About Howard Robinson

I am a retired university professor and psychotherapist who played many roles before doing photography professionally – a foster-care caseworker, a restaurant waiter and “expediter” at a fancy restaurant in New York City, a child and family therapist, a sociolinguistic researcher, a classical pianist and performer, a trauma recovery consultant in Rwanda, and an avid collector of Jon Naar’s graffiti serigraphs. I love images, think in images, and create images. Much of my photography crosses boundaries into music and painting. This is natural for me and represents who I am.

My undergraduate and graduate studies in anthropology drove my curiosity about people and cultures different from mine, and I took every advantage to travel widely. I studied Mandarin in China, Spanish in Costa Rica and Hebrew in Israel with my camera always by my side. I would rouse myself predawn on chilly mornings to see the mysterious fog blanketing the valleys and mountains in Orvieto Italy. I walked trails in the Golan Heights where snow covered the highest peaks year-round and I explored the Druze markets found there with beautifully crafted glass and stoneware. I travelled into remote areas of Rwanda where genocide survivors labored all day farming with their children who were forever hungry and malnourished. These experiences not only educated me about other cultures and worldviews but made me more aware of the needs of others and my own male white privilege. My sensibilities deepened and transformed me into the person I am today. My lived experiences enter into my photography – consciously and unconsciously.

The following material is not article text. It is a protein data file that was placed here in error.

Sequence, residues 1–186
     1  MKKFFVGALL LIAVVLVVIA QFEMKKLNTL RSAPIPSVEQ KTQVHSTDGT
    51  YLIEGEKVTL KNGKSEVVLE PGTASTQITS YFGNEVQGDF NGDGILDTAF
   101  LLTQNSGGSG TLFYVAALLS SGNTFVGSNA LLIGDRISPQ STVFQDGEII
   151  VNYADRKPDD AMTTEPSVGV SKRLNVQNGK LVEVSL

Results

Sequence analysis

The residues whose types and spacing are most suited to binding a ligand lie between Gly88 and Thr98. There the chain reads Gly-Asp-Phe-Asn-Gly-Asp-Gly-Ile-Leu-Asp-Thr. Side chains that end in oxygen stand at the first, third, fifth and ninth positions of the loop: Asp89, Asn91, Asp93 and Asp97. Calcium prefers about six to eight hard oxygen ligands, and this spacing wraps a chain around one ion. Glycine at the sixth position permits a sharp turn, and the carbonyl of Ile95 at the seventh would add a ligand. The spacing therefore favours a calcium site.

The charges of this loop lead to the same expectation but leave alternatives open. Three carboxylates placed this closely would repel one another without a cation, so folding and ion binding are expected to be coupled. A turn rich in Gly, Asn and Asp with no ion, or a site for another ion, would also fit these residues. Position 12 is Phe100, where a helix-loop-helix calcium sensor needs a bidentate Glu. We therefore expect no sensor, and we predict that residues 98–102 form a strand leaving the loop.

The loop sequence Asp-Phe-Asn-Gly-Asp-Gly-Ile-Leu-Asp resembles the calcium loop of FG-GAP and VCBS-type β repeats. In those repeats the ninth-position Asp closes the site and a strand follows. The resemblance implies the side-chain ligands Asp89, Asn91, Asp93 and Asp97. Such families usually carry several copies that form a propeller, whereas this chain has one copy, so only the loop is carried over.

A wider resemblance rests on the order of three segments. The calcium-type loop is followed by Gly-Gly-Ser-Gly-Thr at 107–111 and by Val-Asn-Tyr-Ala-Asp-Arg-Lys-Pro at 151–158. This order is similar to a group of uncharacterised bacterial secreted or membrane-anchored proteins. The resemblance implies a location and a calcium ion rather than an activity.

What I love about photography is that images take on new and undiscovered meanings over time. My hope is that you might find something in my photography that speaks to your experiences now and in the years to come.